NOTE: This entry is already obsolete as I was forced to retire the Indigo after a series of hardware failures left it severely crippled. Ryouko will be missed. My Indigo2 IMPACT, Mika (named after the lead character in the anime Geneshaft), is now running the site.
It's quite amazing really, running a web site (among other things) on a computer that's now ten years old. That's right, the Silicon Graphics Indigo Elan R4400 powering this website was introduced in early 1992 (then stocked with a 64-bit, 100MHz MIPS R4000 RISC CPU). I suppose you could argue that this particular configuration formally turns a decade old in 2003 (which is when the 150-MHz MIPS R4400 that now powers the mighty Ryouko was released as an upgrade option for the R4000), but either way it's far removed from what we now consider an effective service life.
I've given serious thought to replacing the machine with something more modern, either a newer IRIX system or perhaps even a Macintosh running OS X, but for some reason I can't bring myself to do it despite having hardware for both options available to me. I derive a sort of obscure pleasure knowing that old, "obsolete" hardware which goes for pennies on the dollar on eBay and increasingly populates dumpsters can still perform serious tasks and perform them well. How many webservers are still out there running on Indigos anyway?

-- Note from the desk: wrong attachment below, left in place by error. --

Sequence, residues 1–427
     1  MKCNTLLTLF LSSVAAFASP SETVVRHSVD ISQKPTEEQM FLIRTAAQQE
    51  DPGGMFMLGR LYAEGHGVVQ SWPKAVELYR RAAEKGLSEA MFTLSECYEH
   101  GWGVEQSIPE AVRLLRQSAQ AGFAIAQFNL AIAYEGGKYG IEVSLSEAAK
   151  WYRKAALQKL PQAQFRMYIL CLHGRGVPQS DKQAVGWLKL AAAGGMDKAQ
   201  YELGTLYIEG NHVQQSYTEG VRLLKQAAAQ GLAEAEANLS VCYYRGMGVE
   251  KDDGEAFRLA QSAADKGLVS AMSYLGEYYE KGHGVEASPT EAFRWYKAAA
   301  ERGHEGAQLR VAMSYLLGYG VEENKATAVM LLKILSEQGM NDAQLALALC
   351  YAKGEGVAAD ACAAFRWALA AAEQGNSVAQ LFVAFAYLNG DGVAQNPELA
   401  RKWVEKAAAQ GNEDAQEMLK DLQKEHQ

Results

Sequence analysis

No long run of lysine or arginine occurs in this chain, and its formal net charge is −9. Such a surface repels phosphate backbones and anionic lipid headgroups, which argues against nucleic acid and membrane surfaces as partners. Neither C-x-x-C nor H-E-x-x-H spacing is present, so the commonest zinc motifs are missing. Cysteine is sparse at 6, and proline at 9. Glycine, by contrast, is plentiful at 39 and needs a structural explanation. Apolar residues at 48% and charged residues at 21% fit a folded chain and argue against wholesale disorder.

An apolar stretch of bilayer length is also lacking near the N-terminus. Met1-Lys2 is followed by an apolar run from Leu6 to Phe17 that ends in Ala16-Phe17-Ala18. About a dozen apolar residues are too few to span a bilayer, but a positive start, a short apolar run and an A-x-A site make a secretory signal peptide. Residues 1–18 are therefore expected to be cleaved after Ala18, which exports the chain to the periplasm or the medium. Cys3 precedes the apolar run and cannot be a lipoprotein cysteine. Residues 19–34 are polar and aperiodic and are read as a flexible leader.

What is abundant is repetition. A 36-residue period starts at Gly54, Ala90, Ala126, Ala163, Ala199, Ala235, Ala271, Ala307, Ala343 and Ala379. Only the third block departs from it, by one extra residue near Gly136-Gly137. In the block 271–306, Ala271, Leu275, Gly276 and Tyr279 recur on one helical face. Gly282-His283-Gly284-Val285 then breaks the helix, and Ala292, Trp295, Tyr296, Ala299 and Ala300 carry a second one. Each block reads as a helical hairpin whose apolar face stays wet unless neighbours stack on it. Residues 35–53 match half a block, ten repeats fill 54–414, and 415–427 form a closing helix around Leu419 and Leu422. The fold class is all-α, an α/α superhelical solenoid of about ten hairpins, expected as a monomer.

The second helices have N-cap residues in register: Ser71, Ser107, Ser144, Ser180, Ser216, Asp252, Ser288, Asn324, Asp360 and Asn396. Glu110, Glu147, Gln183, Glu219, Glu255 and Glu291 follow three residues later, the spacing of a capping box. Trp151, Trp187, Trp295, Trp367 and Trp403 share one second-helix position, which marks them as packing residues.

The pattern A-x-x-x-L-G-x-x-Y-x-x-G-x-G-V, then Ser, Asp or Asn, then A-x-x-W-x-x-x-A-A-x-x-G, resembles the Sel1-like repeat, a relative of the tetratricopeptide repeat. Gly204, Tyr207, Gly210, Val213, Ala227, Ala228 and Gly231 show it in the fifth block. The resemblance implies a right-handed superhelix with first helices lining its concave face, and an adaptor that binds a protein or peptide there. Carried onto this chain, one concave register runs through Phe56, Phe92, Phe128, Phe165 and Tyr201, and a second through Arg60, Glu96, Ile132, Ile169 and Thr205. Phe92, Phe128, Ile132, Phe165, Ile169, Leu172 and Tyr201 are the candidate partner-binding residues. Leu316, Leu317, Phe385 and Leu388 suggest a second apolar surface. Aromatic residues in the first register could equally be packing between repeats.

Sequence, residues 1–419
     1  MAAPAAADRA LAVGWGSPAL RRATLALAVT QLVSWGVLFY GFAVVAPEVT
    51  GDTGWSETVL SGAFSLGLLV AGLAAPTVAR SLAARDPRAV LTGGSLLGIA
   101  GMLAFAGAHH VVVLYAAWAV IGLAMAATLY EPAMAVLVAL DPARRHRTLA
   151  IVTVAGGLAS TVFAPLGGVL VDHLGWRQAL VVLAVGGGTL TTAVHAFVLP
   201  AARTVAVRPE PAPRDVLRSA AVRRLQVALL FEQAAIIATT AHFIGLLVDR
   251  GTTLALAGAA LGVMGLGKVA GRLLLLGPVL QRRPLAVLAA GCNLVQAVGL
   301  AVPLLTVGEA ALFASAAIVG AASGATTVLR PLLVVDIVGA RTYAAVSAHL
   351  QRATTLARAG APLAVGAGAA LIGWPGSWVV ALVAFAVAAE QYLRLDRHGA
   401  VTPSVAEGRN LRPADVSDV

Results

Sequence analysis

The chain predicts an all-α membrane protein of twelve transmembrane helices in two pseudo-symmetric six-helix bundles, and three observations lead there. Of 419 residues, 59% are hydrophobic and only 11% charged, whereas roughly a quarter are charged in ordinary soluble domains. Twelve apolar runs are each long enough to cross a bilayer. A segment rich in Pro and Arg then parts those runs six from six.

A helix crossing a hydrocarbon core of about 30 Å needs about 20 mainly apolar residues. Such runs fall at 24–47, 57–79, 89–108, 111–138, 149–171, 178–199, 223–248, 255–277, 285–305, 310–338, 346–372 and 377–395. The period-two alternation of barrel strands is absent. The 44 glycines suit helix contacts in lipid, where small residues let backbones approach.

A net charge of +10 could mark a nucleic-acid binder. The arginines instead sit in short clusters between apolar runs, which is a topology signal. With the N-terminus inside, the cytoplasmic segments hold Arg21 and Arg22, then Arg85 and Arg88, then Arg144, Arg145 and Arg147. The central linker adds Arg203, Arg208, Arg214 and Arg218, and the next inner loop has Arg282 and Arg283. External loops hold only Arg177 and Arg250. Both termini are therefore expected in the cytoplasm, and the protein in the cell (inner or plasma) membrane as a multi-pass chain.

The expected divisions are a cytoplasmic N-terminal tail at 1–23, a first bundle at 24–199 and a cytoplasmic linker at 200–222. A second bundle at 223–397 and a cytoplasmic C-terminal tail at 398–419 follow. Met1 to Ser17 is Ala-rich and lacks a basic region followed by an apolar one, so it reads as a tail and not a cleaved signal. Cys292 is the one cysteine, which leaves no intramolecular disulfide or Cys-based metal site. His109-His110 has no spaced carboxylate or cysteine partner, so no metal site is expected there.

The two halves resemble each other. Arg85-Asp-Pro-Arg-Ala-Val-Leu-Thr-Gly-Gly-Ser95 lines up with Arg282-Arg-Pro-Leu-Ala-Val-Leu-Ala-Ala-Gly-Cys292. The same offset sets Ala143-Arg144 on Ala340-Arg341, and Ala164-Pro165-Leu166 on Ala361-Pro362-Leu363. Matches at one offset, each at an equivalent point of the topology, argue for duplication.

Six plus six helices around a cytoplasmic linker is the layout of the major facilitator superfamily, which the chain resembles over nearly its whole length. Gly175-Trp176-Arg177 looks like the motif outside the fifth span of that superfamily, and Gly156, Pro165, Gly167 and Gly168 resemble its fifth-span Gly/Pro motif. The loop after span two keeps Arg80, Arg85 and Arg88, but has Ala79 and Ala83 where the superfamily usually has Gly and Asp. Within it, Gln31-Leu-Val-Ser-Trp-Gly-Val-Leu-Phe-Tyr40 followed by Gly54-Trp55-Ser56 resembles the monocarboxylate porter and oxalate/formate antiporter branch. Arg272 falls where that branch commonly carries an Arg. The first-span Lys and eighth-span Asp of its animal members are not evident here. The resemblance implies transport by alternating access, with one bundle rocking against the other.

I am incredibly impressed by SGI's continued support of the Indigo. To this day, the latest and greatest versions of IRIX still run on it, and add on cards like Galileo and Cosmo Compress still receive maintenance updates. I often wonder if there are individuals at SGI that have a fondness for the machine and keep the support alive for nostalgia, or perhaps there are still large customers running Indigos someplace (an intriguing thought!) Especially considering the Crimson lost support as of IRIX 6.2 and contained the same R4400 CPUs, and even further back, the Indigo R3000 lost support as of IRIX 5.3.
Perhaps more prophetic than intended ...
I now have a more powerful SGI machine, a fully loaded Indigo2 R10000 MaximumImpact which I could press into service if need be. But for now I think I'll keep plugging along with the machine that has served me well in the 20th century and continues to perform equally well in the 21st.